The technological arms race in Formula 1 now appears to be dead. The technical regulations have been converging to a control formula for some years, with little opportunity for variation in engine or chassis design, and in the light of the limited financial resources now available to the surviving F1 teams, their optimal strategies include voluntary mutual agreements to limit expenditure on testing, research and development. The teams have even agreed to a common car launch in Valencia next year to save costs.

In the lexicon of game theory, the constraints upon the game players have changed, with the consequence that one state of Nash equilibrium (the arms race) has been supplanted by a new state of Nash equilibrium.

This new state of Nash equilibrium is highly preferable for those who own the commercial rights to Formula 1, (currently the private equity company CVC). Formula 1 has now essentially become a package of revenue streams: television broadcasting rights, circuit hosting rights, circuit advertising, and paddock hospitality. The arms race was bad for the commercial owners of F1 because it made for larger performance gaps between the cars, and therefore a less attractive product to sell to the television companies. It also meant that the manufacturers funding that arms race developed an interest in acquiring a larger stake of the commercial revenues generated by the sport, and a greater influence over its governance. With the shrivelling influence and spending capacity of the remaining manufacturer teams, that threat to the business plan of Formula 1 has been eliminated.

Thursday, December 10, 2009

Tiger Woods and Lewis Hamilton

"My overriding feeling about Lewis is one of sadness for a young man who has, one way or another, let himself down very badly and done something which will never be erased from the record...The Tiger Woods parallel has always been a frame of reference with Lewis but for different reasons now. You see him everywhere in those big posters at the airport (with dotted white lines and percentage ratings of this or that) or on television. He was so close to imposing his will on all those boring golfers at the top of the leaderboard at the Masters this weekend. I can imagine Lewis watching him and feeling the same sadness that I do. Here is the guy Lewis wanted to be. A worldwide icon and superstar, leading by example and unsullied by ill-deeds, a sponsor's dream and someone who can make an impact - the right impact - almost anywhere he goes and whatever he does." (Edward Gorman, April 13th 2009).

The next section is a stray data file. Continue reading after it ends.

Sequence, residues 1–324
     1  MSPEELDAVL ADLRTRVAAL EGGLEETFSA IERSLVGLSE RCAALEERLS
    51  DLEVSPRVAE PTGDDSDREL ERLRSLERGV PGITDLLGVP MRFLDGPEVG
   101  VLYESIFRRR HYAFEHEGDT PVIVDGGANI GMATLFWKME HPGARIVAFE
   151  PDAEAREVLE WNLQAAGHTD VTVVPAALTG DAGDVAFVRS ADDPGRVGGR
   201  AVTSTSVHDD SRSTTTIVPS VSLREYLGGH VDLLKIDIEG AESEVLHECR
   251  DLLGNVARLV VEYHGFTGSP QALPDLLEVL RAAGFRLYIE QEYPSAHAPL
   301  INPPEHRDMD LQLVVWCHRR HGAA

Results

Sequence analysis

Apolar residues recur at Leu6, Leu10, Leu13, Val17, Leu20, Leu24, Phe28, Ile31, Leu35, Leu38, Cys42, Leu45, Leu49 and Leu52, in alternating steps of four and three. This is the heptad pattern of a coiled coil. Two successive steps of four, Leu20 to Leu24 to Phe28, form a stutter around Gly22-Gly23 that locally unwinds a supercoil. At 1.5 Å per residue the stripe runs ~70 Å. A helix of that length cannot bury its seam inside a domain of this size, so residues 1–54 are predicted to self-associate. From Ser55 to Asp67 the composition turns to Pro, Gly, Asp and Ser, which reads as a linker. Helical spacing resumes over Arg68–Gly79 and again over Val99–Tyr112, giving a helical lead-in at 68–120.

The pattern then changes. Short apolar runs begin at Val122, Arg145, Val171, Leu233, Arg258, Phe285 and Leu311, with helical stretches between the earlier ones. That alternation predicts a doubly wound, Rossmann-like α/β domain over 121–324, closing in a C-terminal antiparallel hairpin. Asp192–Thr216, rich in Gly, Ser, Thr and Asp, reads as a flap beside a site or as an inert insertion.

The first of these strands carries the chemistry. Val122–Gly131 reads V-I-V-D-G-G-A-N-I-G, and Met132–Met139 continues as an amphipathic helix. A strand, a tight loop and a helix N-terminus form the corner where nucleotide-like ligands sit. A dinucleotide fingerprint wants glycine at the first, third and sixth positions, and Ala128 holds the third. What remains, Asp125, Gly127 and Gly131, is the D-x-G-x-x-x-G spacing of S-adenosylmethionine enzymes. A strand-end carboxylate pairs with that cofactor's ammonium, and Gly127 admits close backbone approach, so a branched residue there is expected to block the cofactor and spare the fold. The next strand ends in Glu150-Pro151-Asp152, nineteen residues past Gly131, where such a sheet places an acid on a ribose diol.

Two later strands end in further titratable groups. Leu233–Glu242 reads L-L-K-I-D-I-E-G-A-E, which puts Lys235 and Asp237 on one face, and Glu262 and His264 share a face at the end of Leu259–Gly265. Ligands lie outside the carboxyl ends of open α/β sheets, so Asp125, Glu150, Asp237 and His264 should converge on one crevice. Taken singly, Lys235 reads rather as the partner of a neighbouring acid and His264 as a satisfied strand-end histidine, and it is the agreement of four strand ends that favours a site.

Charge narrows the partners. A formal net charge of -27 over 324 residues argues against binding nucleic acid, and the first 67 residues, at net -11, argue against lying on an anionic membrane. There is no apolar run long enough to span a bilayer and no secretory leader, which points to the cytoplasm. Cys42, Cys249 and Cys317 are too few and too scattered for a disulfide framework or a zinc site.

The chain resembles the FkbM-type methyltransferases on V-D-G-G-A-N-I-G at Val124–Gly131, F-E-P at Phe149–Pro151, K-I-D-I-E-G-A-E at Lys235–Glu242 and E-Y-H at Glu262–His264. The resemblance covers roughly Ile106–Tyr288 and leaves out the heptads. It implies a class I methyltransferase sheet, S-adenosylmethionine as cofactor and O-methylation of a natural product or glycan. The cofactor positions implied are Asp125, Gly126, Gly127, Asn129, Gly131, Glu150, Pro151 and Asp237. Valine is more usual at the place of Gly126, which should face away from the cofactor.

Tuesday, December 08, 2009

PISN into the stellar wind

Whilst the lighter chemical elements found on the Earth, such as carbon and oxygen, are produced by nuclear fusion inside stars, the heavier elements from the far end of the periodic table are produced in supernovae, the explosive events by which high-mass stars end their lives.

The type of supernova described in most textbooks is a core-collapse supernova, in which the core of the star is transformed into iron by nuclear fusion, and fusion then ceases. The weight of the core is supported by a pressure gradient ultimately created by the energy released from fusion, hence when fusion ceases, the core collapses, triggering a supernova.

However, this type of supernova only occurs to stars in the range 10-140 solar masses. For stars more massive than this, their lives will actually end with a Pair Instability Supernova (PISN). Such an event occurs before the stage at which the fusion of oxygen would otherwise begin in the core. The temperatures in the core of such massive stars are so high at this stage, that the photons produced are effectively high-energy gamma rays. By virtue of their high-energy, these photons will tend to interact with the nuclei in the core by means of a mechanism called electron-positron pair production. The consequence of this is that the radiation pressure in the core plummets, leading to the collapse of the core, and a PISN supernova.

Nature for 3rd December reports that a supernova first detected in 2007, has now been verified as the first ever observational PISN. Such supernovae are difficult to observe because stars lose mass during their lifetime due to radiation-driven stellar winds, and the threshold mass for a PISN supernova increases for stars with a higher proportion of heavy elements. Each generation of stars forms from interstellar matter created by the supernovae of preceding generations, hence each successive generation of stars in a galaxy possesses ever higher proportions of heavy elements. PISN were therefore most frequent in the early universe, when stars had lower fractions of heavy elements, and when stellar winds were weaker. In fact, it is claimed that a single PISN can release more heavy elements than an entire generation of core-collapse supernovae. It is calculated, for example, that the 2007 supernova released 22 solar masses of silicon alone!